A Literal Treasure Chest Charles Philip Blackledge ’38 gifted an important and fascinating collection of Roman coins to Washington and Lee Special Collections.
I am often asked, “How does Washington and Lee’s Special Collections acquire such extraordinary material?” That question is usually followed by an equally compelling one: “What is the most unusual item you have ever acquired?” A relatively recent gift, acquired in late 2016, provides the perfect answer to both questions.
Washington and Lee’s alumni have long been the greatest supporters of Special Collections, and a phone call to me by way of University Development led me to one of the most intriguing treasures to grace our vault shelves. Charles Philip Blackledge ’38 was doing some estate planning and wanted to know if I would be interested in traveling to Williamsburg, Virginia, to talk about a collection that he had put together over a lifetime. These kinds of phone calls are not altogether uncommon in my work but realizing that Blackledge was approaching the century mark, I quickly set up a meeting and headed east with my University Development colleague, Margie Lippard.
While I am accustomed to surveying private libraries and collections of family papers, I was completely astonished to see that Blackledge’s collection consisted of a small, beautifully crafted, vintage wooden cabinet filled with more than 300 ancient coins largely from the Roman Empire – a veritable treasure chest, in a very literal sense. Knowing the incredible potential of this small collection as a cross-disciplinary teaching tool, I accepted the gracious offer on the spot. Blackledge’s brilliant smile confirmed his happiness in knowing that his collection, which he began in 1942 while stationed in Palermo, Italy, would find a worthy home at his alma mater.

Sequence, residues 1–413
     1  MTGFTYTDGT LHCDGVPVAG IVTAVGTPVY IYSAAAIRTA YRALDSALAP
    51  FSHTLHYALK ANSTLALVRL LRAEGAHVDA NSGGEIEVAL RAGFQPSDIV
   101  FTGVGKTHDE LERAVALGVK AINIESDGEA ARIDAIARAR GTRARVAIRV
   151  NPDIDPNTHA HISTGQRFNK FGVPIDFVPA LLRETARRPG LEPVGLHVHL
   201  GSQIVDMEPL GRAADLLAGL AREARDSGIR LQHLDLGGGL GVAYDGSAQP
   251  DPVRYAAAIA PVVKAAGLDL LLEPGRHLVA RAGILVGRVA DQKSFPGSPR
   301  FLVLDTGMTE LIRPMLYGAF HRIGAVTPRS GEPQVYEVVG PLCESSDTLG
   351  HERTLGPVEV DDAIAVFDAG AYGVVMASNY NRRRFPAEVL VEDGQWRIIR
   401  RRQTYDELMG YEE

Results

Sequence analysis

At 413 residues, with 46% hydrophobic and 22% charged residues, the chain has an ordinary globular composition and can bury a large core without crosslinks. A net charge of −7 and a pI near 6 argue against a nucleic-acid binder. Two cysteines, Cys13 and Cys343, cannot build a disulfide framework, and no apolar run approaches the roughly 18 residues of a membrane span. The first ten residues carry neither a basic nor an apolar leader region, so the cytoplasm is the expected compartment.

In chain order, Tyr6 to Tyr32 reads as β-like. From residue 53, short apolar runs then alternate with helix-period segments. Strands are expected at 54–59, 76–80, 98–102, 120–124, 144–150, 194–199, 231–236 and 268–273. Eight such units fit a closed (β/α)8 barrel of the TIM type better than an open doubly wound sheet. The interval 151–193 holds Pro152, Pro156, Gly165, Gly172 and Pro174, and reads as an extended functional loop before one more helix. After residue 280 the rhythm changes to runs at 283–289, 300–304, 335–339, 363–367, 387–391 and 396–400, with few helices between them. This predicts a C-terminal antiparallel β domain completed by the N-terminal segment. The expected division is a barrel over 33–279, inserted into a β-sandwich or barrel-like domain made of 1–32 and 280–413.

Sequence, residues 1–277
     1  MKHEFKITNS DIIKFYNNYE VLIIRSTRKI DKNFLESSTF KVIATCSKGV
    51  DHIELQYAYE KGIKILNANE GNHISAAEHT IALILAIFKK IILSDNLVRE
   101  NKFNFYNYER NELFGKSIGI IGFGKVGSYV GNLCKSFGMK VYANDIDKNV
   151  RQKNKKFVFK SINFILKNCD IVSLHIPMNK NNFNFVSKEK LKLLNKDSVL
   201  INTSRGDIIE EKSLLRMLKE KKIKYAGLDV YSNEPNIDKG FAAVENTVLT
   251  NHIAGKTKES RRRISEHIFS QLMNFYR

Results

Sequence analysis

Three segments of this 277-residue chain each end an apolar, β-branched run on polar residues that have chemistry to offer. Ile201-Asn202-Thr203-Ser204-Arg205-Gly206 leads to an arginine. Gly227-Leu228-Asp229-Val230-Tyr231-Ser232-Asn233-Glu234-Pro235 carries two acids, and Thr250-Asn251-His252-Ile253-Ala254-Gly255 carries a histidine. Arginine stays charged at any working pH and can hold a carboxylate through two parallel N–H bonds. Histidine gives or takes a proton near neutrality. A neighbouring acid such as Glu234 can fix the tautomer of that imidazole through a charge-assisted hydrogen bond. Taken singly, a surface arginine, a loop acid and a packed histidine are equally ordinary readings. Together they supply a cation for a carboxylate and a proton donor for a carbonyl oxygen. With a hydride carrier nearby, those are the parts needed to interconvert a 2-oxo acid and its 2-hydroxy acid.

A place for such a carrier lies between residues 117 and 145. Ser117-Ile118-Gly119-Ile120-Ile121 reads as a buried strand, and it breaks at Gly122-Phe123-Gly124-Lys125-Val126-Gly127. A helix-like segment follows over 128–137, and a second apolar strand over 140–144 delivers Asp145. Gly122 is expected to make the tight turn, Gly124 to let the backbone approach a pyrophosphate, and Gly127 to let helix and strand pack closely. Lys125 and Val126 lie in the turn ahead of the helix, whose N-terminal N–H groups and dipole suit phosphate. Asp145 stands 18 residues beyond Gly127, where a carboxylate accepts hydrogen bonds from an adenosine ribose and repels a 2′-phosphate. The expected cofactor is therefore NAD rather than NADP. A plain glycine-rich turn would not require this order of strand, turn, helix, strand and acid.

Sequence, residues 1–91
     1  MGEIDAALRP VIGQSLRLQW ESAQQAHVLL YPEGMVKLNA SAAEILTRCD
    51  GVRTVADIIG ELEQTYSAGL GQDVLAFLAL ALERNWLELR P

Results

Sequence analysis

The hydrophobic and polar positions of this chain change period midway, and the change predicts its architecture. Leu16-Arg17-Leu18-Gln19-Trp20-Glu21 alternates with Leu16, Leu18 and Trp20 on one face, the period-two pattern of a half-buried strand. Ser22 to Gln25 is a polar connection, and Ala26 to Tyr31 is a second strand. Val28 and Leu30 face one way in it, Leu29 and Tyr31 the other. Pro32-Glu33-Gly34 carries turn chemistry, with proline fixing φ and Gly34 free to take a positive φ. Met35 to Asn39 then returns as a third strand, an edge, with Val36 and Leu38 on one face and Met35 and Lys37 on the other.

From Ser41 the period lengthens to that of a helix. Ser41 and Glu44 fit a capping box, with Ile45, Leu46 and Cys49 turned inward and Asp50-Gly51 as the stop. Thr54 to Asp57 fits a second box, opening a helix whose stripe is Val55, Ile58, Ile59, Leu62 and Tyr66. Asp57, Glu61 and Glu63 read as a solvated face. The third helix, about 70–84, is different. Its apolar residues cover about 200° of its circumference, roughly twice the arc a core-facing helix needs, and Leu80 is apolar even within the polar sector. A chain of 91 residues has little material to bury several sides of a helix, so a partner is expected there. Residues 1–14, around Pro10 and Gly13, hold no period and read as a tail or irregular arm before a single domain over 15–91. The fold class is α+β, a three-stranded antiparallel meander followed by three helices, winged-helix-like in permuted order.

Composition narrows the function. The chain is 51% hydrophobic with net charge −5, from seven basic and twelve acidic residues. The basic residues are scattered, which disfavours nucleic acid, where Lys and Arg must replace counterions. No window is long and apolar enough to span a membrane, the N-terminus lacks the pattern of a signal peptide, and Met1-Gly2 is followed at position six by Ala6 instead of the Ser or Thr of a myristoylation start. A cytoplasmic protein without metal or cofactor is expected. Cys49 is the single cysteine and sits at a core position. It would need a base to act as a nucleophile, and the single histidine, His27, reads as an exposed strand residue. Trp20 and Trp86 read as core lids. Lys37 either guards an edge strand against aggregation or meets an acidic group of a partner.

Charles Blackledge, born on January 23, 1917, served in World War II in both the North Atlantic and South Pacific theaters, completing 20 years of active and reserve duty in the U.S. Navy and retiring at the rank of commander. He also served as a financial analyst for the United States Small Business Administration. Sadly, he passed away just months after our visit on May 22, 2017, at the age of 100.
Although a relatively recent addition, the Blackledge Collection has already been shared in numerous classes and other public venues, and has directly impacted at least one young, enthusiastic undergraduate. Casey Hamlet ’21, under the direction of Adrienne Hagen, formerly visiting professor of classics, completed an independent study last spring in which she chronologically organized the collection and investigated the figures stamped on the coin faces using online numismatic resources.
Most of the figures depicted on the coins are well-documented male emperors but Casey was particularly interested in unearthing histories of women depicted on some of the coins. Her ongoing research is available through this website. Research such as Casey’s not only enriches the fields of classics and numismatics, it serves as a brilliant example of the intersection of past and present. The bulk of the collection dates from the Roman Empire, from the reign of Tiberius (14-37 CE) to the reign of Anastasius (491-518 CE), and includes a variety of coins such as a golden aureus and dozens of silver denarii. Some non-Roman coins are represented in the collection, including one drawer of later Byzantine coins, a few pieces from the Roman Republic and a couple of oddities (like a penny from Nova Scotia).
When talking about Washington and Lee’s Special Collections, manuscripts, rare books and historic documents naturally come to mind. Blackledge’s treasure chest of ancient coins, however, reinforces the unique and changing nature of our work. After her Latin 101 class visit to Special Collections and her work with independent study student Casey Hamlet, former Professor Hagen put it succinctly and brilliantly: “The bridge between antiquity and the digital age is pretty neat… I think it’s really cool that we’re taking something so old and so physical, then using digital tools to learn about it and help share that research with other people.”
Charles Blackledge may not have been well-acquainted with those digital tools, but I feel sure he would have flashed a brilliant smile knowing what his legacy has spawned.